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At Saturday Morning breakfast we got on a discussion of good books.  Soon we asked around for reading recommendations.  Here is a list - in no special order - of recommended reading from one small chapter of Mensans in Alaska:

"The Years of Rice and Salt" by Kim Stanley Robinson
    recommended by Don Naff

"Cold Mountain" by Charles Frasier
    recommended by Nancy Larsen

"Joy Luck Club" by Amy Tan
    recommended by Martin

The entire Clive Cussler series
    recommended by Norma Gertson

"Doomsday Book" by Connie Willis
    recommended by Denise Yancey

"11/22/63" by Stephen King
    recommended by Amy Winston

"The Deed of Paksenarrion" by Elizabeth Moon
    recommended by Jim Larsen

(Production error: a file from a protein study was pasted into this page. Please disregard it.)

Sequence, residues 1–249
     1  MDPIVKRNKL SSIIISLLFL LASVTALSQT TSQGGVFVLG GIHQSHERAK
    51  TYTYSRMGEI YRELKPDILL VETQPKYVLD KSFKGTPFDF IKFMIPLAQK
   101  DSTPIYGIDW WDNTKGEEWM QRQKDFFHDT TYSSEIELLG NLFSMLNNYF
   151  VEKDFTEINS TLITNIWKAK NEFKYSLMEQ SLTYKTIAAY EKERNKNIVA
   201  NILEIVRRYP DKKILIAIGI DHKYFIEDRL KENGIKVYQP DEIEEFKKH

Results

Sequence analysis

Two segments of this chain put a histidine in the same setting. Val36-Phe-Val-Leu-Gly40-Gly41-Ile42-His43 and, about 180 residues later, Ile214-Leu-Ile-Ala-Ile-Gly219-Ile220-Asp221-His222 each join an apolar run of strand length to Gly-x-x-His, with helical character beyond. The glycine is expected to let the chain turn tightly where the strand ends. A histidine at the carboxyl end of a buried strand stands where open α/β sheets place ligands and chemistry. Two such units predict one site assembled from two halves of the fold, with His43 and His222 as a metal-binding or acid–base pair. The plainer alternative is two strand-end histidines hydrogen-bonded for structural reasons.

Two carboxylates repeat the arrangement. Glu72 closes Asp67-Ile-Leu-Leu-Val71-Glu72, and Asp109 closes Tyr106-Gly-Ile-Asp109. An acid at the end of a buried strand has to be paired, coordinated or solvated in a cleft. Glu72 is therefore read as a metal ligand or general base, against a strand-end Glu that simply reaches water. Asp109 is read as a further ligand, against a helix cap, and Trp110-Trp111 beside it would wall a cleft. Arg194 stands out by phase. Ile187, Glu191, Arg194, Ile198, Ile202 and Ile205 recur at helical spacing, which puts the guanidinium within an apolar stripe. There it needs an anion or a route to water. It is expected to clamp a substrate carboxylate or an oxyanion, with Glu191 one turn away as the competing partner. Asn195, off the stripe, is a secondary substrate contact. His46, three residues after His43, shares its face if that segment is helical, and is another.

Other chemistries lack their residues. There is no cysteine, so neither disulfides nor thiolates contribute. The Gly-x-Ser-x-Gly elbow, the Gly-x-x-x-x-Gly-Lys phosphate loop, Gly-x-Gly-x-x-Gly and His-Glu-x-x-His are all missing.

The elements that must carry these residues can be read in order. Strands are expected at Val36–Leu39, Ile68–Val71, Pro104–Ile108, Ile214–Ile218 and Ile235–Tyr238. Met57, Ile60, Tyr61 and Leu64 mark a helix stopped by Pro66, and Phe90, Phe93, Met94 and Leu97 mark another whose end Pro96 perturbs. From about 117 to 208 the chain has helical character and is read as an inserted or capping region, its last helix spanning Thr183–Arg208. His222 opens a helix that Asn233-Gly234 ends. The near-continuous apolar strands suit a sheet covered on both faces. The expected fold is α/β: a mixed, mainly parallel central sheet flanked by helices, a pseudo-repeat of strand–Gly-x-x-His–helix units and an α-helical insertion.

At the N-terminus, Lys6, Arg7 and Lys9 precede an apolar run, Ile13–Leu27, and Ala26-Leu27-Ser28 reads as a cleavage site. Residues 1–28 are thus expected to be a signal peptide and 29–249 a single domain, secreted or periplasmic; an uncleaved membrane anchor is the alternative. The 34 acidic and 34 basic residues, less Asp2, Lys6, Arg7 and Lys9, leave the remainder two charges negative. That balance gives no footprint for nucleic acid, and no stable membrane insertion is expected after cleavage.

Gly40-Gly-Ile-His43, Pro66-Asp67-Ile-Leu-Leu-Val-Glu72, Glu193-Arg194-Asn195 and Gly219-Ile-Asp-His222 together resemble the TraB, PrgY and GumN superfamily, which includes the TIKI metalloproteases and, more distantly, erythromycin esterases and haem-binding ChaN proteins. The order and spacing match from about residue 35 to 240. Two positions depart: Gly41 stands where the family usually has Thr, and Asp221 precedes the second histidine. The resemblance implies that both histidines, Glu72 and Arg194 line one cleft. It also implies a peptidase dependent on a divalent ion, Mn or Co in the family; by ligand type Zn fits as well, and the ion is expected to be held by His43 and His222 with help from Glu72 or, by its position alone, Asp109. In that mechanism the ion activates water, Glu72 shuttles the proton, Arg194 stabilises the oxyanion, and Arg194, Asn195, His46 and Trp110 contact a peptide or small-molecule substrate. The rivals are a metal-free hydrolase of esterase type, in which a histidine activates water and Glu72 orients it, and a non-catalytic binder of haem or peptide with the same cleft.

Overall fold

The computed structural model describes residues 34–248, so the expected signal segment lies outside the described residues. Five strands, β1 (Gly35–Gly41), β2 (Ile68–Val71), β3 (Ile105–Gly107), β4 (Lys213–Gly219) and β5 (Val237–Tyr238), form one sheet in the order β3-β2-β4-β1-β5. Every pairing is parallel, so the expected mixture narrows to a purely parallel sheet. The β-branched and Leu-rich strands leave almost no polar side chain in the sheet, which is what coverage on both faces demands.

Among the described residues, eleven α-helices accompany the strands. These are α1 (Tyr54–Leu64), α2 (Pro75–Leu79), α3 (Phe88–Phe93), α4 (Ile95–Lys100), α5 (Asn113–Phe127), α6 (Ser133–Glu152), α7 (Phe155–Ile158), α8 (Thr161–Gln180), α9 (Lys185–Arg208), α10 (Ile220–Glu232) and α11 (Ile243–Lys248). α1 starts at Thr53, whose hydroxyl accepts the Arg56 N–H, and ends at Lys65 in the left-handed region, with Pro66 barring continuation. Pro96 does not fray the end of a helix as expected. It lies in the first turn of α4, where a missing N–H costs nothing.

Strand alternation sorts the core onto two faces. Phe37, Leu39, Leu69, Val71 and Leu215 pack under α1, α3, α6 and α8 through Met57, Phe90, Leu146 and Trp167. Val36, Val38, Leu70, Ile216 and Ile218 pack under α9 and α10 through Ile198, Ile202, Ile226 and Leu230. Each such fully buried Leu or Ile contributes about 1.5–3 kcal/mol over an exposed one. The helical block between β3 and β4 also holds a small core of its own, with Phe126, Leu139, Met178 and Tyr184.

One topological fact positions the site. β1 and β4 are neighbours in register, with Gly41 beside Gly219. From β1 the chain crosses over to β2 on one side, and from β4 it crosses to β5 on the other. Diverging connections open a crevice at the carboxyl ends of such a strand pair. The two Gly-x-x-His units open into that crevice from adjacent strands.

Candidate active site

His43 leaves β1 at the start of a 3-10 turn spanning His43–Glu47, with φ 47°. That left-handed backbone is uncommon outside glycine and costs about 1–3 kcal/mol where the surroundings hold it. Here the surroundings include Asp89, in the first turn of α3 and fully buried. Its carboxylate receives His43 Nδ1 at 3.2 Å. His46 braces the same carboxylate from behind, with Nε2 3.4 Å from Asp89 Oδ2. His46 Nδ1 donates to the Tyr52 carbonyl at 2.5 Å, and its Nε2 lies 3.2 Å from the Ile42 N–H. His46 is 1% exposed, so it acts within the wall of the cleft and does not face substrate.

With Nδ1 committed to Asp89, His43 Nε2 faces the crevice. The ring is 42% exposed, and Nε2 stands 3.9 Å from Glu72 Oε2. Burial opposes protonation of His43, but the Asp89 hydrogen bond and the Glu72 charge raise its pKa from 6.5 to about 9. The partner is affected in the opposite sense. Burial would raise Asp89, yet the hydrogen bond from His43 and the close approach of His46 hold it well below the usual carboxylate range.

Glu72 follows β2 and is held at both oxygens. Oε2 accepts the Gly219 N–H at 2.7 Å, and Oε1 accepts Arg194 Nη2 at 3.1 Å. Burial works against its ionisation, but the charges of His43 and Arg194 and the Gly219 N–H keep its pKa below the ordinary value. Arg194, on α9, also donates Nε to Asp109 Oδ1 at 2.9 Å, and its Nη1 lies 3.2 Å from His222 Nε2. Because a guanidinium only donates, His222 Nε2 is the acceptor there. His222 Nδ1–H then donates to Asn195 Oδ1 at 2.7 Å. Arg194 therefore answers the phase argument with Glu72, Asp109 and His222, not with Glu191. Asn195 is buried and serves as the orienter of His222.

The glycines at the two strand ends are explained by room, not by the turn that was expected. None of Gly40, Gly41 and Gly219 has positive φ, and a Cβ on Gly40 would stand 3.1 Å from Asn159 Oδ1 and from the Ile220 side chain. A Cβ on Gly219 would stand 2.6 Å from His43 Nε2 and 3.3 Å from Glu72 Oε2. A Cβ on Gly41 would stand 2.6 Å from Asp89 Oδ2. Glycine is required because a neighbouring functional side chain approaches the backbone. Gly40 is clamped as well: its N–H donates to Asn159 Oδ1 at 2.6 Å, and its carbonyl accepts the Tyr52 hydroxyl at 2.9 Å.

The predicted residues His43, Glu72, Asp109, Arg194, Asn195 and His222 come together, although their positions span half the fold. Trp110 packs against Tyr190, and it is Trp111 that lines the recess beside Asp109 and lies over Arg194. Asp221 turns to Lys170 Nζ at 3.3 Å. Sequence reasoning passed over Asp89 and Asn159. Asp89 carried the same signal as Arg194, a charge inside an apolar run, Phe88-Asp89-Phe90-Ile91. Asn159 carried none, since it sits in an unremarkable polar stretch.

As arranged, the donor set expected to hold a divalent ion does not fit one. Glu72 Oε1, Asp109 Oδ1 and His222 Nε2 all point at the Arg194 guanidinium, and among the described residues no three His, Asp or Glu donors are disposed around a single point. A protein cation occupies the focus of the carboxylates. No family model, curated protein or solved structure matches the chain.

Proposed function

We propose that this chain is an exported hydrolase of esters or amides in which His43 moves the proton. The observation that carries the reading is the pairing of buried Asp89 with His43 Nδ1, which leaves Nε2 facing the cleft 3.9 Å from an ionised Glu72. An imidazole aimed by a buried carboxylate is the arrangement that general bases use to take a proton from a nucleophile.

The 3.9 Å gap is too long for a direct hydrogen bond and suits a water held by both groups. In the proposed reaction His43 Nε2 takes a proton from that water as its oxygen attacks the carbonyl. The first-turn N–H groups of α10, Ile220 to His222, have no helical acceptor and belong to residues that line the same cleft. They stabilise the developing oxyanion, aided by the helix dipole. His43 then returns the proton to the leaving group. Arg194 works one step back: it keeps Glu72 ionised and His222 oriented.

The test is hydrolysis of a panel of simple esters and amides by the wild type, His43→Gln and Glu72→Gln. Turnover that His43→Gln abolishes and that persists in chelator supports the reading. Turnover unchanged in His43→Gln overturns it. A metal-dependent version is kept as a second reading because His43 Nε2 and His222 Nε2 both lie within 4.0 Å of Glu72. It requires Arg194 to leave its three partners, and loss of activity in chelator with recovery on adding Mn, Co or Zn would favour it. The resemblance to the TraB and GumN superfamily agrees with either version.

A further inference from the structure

The entire "Girl with the Dragon Tatoo" trilogy by Stieg Larsen
    recommended by Martin




Summer Picnic Mensa Alaska style

Breakfast with Mensa Alaska
by Denise K. Yancey

You never know what we're going to talk about from one gathering to the next - people bring up something that interests them, and the rest of us usually jump in.  That usually takes us to a related subject, and on and one.  Last Saturday at the regular breakfast gathering at Doriola's, I asked everyone to help me make a list of all the topics we covered.  In no particular order, here's what we discussed:

Movies: Gravity and whether the 3-D added, detracted or made no difference, 3-D in general, V for Vendetta and the symbolism hidden throughout, Star Wars and its symbolism, Contagion and whether something like that could or is happening today, and then pros and cons of binge-watching series.